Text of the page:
FORENSIC PSYCHOLOGY

SHE Level 4
SCQF Credit Points 20.00
ECTS Credit Points 10.00
Module Code MHC825423
Module Leader Mairi Fleming
School School of Health and Life Sciences
Subject Psychology
Trimester
  • A (September start)

Pre-Requisite Knowledge

Successful completion of Applied Psychology 2 or equivalent

Summary of Content

The aim of this module is to consider some of the major themes in the application of psychology in criminological and legal settings. It is concerned with a variety of topics, including the development of criminal behaviour in general, and the development of specific types of criminality, as well as the application of psychological principles in a variety of forensic settings. Particular focus is given to how psychology contributes to the assessment and treatment of offending behaviours in police, prison and court work.

Syllabus

The syllabus considers possible causes of crime, aggression and violence from a psychological viewpoint and examines the range of issues presented by different offenders and offence types. It explores current understandings of crime and criminality by considering major theoretical perspectives and research in the area . Individual characteristics and lifestyle choices that may contribute to criminality are a focus, whilst possible socio-environmental influences are also examined in terms of their potential influence on offending behaviours. An overview of key aspects of forensic practice is also provided in terms of risk assessment and management and the treatment of offenders and the role of forensic psychology in legal settings.

Learning Outcomes

On successful completion of this module,the student should be able to:1. demonstrate a detailed knowledge and critical understanding of key areas of forensic psychology (assessed by essay and presentation)2. demonstrate an understanding of the importance of psychological theory in explaining criminal behaviour and indeveloping intervention strategies to prevent and reduce offending (assessed by essay and presentation)3. critically evaluate theoretical arguments and research evidence (assessed by essay)4. demonstrate an understanding of how forensic psychology is applied to tackle crime and violence in the real world (assessed by essay and presentation)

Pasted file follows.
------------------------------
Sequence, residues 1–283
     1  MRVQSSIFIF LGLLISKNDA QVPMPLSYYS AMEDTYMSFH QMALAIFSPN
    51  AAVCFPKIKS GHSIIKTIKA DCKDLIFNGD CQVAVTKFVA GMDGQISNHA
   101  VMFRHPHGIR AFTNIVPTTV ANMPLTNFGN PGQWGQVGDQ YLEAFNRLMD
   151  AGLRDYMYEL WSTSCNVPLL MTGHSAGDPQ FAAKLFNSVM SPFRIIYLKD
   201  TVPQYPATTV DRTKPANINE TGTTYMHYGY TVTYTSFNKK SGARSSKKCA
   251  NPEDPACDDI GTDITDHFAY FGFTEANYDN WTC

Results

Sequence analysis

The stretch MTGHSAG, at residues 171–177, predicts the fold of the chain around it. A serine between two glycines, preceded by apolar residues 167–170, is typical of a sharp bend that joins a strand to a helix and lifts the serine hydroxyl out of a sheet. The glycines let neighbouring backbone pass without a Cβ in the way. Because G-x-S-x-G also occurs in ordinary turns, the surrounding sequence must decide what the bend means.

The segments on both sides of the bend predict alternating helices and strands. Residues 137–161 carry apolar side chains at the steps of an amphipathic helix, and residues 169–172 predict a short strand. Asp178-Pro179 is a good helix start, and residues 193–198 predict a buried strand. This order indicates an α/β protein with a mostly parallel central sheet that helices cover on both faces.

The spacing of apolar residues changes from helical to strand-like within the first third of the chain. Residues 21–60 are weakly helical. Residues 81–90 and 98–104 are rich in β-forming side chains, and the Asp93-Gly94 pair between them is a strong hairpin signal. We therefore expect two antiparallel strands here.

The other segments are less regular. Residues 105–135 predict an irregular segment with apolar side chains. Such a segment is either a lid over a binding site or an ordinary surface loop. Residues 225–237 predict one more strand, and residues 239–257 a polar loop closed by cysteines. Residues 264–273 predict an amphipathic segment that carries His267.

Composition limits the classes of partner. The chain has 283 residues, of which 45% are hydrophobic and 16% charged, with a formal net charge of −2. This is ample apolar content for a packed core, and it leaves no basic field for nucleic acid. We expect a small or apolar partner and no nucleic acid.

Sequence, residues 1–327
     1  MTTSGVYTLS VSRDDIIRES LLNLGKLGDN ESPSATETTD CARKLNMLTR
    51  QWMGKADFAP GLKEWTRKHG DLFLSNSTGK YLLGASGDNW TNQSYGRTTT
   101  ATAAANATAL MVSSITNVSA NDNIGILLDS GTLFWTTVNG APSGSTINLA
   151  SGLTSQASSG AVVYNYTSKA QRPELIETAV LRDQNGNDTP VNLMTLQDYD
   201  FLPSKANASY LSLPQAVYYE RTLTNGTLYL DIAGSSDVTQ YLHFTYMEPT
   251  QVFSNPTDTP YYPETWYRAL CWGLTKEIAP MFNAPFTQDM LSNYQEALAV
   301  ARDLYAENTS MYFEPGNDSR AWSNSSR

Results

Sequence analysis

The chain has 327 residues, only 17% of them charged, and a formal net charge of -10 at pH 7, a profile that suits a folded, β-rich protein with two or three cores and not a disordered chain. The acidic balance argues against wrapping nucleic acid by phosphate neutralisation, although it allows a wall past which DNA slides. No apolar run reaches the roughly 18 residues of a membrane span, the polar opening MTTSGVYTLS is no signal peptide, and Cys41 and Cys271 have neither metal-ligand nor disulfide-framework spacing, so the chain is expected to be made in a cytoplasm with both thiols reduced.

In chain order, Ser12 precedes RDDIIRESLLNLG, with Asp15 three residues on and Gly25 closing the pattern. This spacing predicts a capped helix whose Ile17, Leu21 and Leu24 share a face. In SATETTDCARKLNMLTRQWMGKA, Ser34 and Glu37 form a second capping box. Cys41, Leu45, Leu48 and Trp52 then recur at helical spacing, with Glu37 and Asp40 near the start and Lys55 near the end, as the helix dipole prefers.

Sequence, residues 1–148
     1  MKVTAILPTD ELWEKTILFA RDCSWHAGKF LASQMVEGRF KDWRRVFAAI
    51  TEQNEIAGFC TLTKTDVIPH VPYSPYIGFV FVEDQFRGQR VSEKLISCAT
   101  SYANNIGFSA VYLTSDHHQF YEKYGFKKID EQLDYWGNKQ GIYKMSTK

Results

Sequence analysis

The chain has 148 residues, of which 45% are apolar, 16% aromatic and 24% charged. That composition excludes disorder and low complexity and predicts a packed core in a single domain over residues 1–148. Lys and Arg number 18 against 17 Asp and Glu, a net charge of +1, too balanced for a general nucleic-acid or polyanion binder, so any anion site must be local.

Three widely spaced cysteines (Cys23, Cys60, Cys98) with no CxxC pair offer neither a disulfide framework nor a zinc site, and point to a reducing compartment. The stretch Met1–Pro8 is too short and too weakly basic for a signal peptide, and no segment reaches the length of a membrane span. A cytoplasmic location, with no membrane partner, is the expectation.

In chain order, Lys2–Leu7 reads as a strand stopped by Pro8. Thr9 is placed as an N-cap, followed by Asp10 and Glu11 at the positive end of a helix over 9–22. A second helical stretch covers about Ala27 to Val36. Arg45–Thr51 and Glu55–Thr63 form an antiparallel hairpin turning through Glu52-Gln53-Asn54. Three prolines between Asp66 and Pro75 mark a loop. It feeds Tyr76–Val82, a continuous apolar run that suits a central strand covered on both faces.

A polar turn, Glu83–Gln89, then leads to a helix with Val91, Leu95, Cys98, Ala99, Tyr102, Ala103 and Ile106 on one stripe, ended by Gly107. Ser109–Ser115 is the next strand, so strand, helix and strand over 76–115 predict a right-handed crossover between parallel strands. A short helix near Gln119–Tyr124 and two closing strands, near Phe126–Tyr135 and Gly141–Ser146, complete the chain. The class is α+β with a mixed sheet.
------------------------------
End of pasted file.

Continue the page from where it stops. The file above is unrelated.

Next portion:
Teaching / Learning Strategy

The module will be delivered through weekly lectures (2 hours/week) and two hour long seminars running fortnightly in weeks 2-11. Lectures and seminars are delivered by members of the forensic team here at GCU with guest lecturers from services such as the State Hospital (Carstairs) and the Scottish Prison Service, and from visiting academics specialising in research in forensic settings. This mix of speakers ensures that information is relevant and up-to-date in terms of forensic practice. Seminars involve a combination of tutor presentation, student discussion and debate and practical exercises, providing the opportunity to apply knowledge to real life scenarios. Where possible, material used in seminars is drawn from case studies and real world sources to lend authenticity to the practical work. Online support is available through GCULearn (e.g. lecture presentations, additional materials, discussion groups). Summative assessment will involve the production of written coursework, as well as an oral presentation.

Indicative Reading

Indicative Reading Bull, R. (2014). Investigative Interviewing. New York: Springer. Davies, G. & Beech, A. (2017). Forensic psychology: Crime, justice, law, interventions (BPS Textbooks in Psychology), W. Sussex: Wiley. Gavin, H. (2014). Criminological and forensic psychology. London, Sage Publications. Howitt, D. (2015). Introduction to forensic and criminal psychology. Harlow: Pearson Education Ltd. Craig, L. A., Dixon, L., & Gannon, T. A. (2013). What works in offender rehabilitation: An evidenced based approach to assessment and treatment . Chichester, Wiley-Blackwell.

Transferrable Skills

Students will acquire skills in: -360 1) critical and independent thinking and analysis, 2) evaluating research and literature, 3) understanding the applied value of research, 4) group work competencies, and presentation skills.

Module Structure

Activity Total Hours
Lectures (FT) 20.00
Independent Learning (FT) 130.00
Assessment (FT) 40.00
Seminars (FT) 10.00

Assessment Methods

Component Duration Weighting Threshold Description
Course Work 02 n/a 40.00 35% Group Oral Presentation - 20 Minutes
Course Work 01 n/a 60.00 35% 3000 Word Essay